Laticia Scriven with Students
The Rev. Dr. Latricia Scriven (far left) and Impact@FAMU students after a Bible study. (IMPACT@FAMU photo)

October 31, 2020

FAMU Wesley Foundation continues rebirth in new home

By: Suzanne McGovern

Renewed Enthusiams
After a shutdown six years ago, the Wesley Foundation at FAMU is back with renewed energy and enthusiasm. A Development Fund loan from the foundation will enable the ministry to reach out to the campus community from its new home by next fall. (IMPACT@FAMU photo)

When the Rev. Dr. Latricia Scriven arrived in Tallahassee as a visiting professor of mathematics at Florida A&M University (FAMU), she was looking forward to checking out the school’s United Methodist campus ministry.

To her surprise, the Wesley Foundation had closed in late 2014.

Scriven, who received her Master of Divinity degree from Gammon Theological Seminary in Atlanta and declared her candidacy for ordination in the North Georgia Annual Conference, had strong ties to campus ministry as an undergraduate at Southern University and A&M College in Baton Rouge, La., her hometown.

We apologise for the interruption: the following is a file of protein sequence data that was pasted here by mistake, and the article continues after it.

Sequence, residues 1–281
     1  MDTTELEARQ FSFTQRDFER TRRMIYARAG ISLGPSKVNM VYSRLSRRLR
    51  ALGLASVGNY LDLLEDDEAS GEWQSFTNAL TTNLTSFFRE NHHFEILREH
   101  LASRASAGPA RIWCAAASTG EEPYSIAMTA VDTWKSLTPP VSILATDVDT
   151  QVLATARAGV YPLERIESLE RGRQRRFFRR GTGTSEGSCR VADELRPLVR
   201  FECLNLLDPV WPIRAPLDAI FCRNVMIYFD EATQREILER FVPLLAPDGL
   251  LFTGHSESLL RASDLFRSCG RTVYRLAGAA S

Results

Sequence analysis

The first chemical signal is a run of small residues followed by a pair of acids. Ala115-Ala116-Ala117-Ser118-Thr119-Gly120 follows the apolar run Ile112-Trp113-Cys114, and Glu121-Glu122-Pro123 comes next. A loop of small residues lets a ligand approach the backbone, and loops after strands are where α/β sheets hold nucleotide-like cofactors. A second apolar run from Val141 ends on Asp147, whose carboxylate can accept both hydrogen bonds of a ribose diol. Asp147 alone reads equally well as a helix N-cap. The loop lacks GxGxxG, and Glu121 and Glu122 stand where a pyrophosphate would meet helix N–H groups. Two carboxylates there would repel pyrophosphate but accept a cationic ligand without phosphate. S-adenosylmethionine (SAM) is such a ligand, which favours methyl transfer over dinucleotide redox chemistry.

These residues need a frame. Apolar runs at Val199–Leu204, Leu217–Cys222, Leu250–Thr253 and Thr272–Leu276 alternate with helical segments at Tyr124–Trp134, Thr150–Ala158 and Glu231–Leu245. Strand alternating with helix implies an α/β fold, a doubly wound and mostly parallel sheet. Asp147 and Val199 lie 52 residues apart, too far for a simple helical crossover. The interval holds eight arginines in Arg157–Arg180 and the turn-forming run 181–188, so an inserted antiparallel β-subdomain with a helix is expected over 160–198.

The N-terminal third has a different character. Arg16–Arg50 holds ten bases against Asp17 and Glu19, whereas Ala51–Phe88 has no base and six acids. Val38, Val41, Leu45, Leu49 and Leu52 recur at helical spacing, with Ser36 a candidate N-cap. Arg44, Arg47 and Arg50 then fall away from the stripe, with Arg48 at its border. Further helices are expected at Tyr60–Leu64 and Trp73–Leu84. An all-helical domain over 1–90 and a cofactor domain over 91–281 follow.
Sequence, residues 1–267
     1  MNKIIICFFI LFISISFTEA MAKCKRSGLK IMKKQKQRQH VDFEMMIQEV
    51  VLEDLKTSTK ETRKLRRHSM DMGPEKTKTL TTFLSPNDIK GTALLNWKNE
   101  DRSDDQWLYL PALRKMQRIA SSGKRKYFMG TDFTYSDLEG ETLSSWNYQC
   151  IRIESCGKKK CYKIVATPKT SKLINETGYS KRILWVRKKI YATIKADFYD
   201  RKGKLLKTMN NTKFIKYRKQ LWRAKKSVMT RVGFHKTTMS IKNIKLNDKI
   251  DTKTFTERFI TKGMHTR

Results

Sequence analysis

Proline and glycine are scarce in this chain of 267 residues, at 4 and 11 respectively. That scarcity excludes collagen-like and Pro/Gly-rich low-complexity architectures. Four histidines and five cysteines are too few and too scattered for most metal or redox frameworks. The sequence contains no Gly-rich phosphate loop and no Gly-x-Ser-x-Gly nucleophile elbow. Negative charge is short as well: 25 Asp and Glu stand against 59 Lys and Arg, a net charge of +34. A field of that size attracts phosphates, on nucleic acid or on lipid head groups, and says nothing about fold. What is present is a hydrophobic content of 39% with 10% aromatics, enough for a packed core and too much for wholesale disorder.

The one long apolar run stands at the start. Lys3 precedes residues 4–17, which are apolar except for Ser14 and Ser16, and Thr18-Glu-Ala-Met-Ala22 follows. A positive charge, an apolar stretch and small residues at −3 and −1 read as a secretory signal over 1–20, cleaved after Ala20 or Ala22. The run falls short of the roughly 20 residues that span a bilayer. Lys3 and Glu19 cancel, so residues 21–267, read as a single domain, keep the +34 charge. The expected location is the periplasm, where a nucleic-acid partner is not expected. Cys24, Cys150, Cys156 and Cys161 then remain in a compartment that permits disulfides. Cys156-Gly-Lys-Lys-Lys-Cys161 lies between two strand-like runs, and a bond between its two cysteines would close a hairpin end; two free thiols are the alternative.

“I developed a love for campus ministry as an undergraduate, and I naturally gravitate to it,” she said. “In fact, I first felt called to ministry as a teenager, and throughout my academic and professional careers, I have worked in almost every phase of ministry, including campus ministry, church choir, Sunday school teacher, church secretary, worship leader, prayer leader and so forth.”

Scriven also has master’s degree in math education and a doctorate in educational administration from Purdue University.

“My professional identity was grounded in being a college math professor, but, intellectually, I was challenged by theology,” she said. “My brother and husband are ordained pastors in the Baptist tradition, and I wanted to be able to have deep theological discussions with them.”